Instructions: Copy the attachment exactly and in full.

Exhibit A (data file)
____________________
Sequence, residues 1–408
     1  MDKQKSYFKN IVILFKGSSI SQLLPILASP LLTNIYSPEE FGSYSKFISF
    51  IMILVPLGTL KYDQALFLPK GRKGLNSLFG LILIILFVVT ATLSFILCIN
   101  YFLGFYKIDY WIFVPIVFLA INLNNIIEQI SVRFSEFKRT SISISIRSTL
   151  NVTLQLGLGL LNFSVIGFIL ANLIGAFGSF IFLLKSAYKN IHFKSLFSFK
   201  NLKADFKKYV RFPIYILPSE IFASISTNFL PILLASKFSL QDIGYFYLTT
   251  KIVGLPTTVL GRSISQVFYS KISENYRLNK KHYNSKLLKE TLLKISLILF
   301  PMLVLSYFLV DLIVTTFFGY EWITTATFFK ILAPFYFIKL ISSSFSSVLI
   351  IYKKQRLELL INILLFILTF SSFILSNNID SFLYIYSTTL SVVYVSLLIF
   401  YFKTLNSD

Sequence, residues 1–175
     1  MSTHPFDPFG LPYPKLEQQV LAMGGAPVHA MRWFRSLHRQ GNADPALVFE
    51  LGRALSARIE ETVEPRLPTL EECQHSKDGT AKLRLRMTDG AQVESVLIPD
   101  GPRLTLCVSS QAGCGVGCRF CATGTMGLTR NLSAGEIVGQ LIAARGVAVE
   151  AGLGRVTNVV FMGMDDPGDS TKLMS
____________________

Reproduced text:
Sequence, residues 1–408
     1  MDKQKSYFKN IVILFKGSSI SQLLPILASP LLTNIYSPEE FGSYSKFISF
    51  IMILVPLGTL KYDQALFLPK GRKGLNSLFG LILIILFVVT ATLSFILCIN
   101  YFLGFYKIDY WIFVPIVFLA INLNNIIEQI SVRFSEFKRT SISISIRSTL
   151  NVTLQLGLGL LNFSVIGFIL ANLIGAFGSF IFLLKSAYKN IHFKSLFSFK
   201  NLKADFKKYV RFPIYILPSE IFASISTNFL PILLASKFSL QDIGYFYLTT
   251  KIVGLPTTVL GRSISQVFYS KISENYRLNK KHYNSKLLKE TLLKISLILF
   301  PMLVLSYFLV DLIVTTFFGY EWITTATFFK ILAPFYFIKL ISSSFSSVLI
   351  IYKKQRLELL INILLFILTF SSFILSNNID SFLYIYSTTL SVVYVSLLIF
   401  YFKTLNSD

Sequence, residues 1–175
     1  MSTHPFDPFG LPYPKLEQQV LAMGGAPVHA MRWFRSLHRQ GNADPALVFE
    51  LGRALSARIE ETVEPRLPTL EECQHSKDGT AKLRLRMTDG AQVESVLIPD
   101  GPRLTLCVSS QAGCGVGCRF CATGTMGLTR NLSAGEIVGQ LIAARGVAVE
   151  AGLGRVTNVV FMGMDDPGDS TKLMS